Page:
• Michelle Murray

Eliminating the Shame of Sex Addiction

I’m a Mental Health Occupational Therapist. I support ordinary people with addiction among other mental health concerns to build a life of meaning and purpose, a life worth living during their recovery. Day after day I see the crippling shame that surrounds addiction in Ireland today and I hope to use my platform to begin a conversation about sex addiction and compulsive sexual behaviour that will breakthrough some of the shame experienced by those recovering with this diagnosis and for those hiding in the shadows afraid to get help.

I have 3 questions for you to ponder before we begin…

1. What assumptions are you making about the diagnosis of sex addiction?

2. What words come to mind?

3. Do you know anyone with a sex addiction?


Let’s chat about some common assumptions here… sex addicts are male, sex addicts are sex offenders, sex addiction is an easy excuse for people who don’t want to take responsibility for their actions. Perhaps sleezy, creepy, greedy and perverted are words that spring to mind. Or maybe, you believe that it’s all just a myth and these so-called sex addicts are just delusional or unfaithful. From high profile sports stars to successful businessmen and actors, I’m sure there are a few celebrities that spring to mind when you think of sex scandals and abuse.


The reality of sex addiction or compulsive sexual behaviour, as it has recently been classified by the World Health Organisation (WHO, Dec 2019), is that it is a mental health condition that is seeping through our society affecting ordinary people. Ordinary “normal” people. Men and women, young and old, straight and gay, the wealthy and the poor and it is thriving today in secrecy and shame.


We’re mostly familiar with drug, alcohol and gambling addictions, whereas compulsive sexual behaviour is a relatively new term to be recognised in the field of addiction and psychiatry. Sex addiction may involve a variety of commonly enjoyable sexual experiences. However, it is the dependency on each of these experiences that classes it as an addiction. Not the actual behaviour itself. Just like someone with an alcohol addiction might use alcohol to get their “fix” or a drug user might turn to opiates, a sex addict will turn to compulsive and uncontrollable sexual acts. These may include internet pornography, masturbation, having many sexual partners, multiple affairs or regularly paying for sex. When these sexual behaviours become a major focus in a person’s life, are difficult to control, and are disruptive or harmful to the addicted person or towards others, they may be considered compulsive sexual behaviours. Sex addiction comes with defeating and demoralising episodes that cause humiliation and shame for the person behind the diagnosis.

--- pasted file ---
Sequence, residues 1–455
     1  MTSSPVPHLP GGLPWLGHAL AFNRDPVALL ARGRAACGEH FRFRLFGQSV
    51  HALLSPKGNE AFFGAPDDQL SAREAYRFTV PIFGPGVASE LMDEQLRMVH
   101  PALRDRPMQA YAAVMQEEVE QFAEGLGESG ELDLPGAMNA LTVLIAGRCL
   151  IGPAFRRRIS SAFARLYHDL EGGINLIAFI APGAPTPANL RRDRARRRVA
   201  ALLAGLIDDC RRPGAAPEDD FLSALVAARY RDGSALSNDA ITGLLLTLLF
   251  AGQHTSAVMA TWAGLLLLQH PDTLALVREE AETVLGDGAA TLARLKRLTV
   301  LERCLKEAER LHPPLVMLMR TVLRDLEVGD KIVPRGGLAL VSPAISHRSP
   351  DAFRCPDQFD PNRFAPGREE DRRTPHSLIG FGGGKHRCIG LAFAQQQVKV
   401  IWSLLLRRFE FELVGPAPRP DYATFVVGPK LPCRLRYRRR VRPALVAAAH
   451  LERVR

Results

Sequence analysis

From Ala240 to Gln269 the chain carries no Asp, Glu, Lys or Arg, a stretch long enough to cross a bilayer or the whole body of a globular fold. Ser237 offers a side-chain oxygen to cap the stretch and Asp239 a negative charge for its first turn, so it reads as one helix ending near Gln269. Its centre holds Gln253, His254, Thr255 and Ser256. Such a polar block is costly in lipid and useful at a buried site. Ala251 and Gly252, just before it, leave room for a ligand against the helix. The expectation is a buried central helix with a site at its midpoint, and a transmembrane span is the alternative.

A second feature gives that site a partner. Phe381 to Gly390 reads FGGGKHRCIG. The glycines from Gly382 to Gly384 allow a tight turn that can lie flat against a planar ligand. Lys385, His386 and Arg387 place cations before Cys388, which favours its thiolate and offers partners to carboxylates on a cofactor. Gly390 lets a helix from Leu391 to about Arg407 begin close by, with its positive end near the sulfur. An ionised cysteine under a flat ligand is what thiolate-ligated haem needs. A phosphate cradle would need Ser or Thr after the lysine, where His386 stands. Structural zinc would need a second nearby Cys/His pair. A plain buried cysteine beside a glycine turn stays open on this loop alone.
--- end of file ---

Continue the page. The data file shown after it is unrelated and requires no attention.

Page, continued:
Sex addiction may be a symptom of past traumas or living with addicted family members. It may be a sign of a lifetime of hardship and stress. We don’t really know why or how this happens to people and, like most mental health concerns, there is no singular cause. However, emerging research is showing us that the brain matter of those presenting with sex addictions (and other addictions) differs from that of the general population. These findings, as well as other emerging research in the field, are helping to explain the uncontrollable urges faced by this group of people.


Personal Story

This personal story is written by Jack. Jack is accessing Occupational Therapy support with Anchor Therapy. We’ve been working together for over a year now to help Jack build a routine that fosters independence, meaning and hope. Jack is a man, a son, a brother, a caring and funny man. Jack’s story deserves to be heard.


They said to feel empathy for an addict you need to put a face to them. With a certainty people will never see my face. I'm a sex addict. I'm not a monster, although I believe people think I am. I've never harmed anyone, nor done anything illegal. I'm guessing most people have had more partners than I have. I've had 2. Short lived. Over 16 years ago. I'm not a monster, I like taking my dog for a walk, watching stand-up comedy and I like to see people do well, whether I know them or not.